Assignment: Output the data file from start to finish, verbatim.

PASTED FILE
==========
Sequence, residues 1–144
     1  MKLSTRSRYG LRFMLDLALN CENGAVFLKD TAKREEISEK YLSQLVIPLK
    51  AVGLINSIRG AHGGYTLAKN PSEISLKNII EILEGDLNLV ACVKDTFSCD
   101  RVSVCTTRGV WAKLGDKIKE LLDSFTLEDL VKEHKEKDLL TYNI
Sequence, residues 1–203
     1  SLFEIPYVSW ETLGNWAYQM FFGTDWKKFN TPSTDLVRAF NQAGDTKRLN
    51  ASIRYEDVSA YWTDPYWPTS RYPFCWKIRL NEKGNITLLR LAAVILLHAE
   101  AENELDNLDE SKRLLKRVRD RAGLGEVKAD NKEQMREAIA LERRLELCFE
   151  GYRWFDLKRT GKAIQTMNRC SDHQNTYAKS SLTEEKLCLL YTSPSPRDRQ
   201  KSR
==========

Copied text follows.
Sequence, residues 1–144
     1  MKLSTRSRYG LRFMLDLALN CENGAVFLKD TAKREEISEK YLSQLVIPLK
    51  AVGLINSIRG AHGGYTLAKN PSEISLKNII EILEGDLNLV ACVKDTFSCD
   101  RVSVCTTRGV WAKLGDKIKE LLDSFTLEDL VKEHKEKDLL TYNI
Sequence, residues 1–203
     1  SLFEIPYVSW ETLGNWAYQM FFGTDWKKFN TPSTDLVRAF NQAGDTKRLN
    51  ASIRYEDVSA YWTDPYWPTS RYPFCWKIRL NEKGNITLLR LAAVILLHAE
   101  AENELDNLDE SKRLLKRVRD RAGLGEVKAD NKEQMREAIA LERRLELCFE
   151  GYRWFDLKRT GKAIQTMNRC SDHQNTYAKS SLTEEKLCLL YTSPSPRDRQ
   201  KSR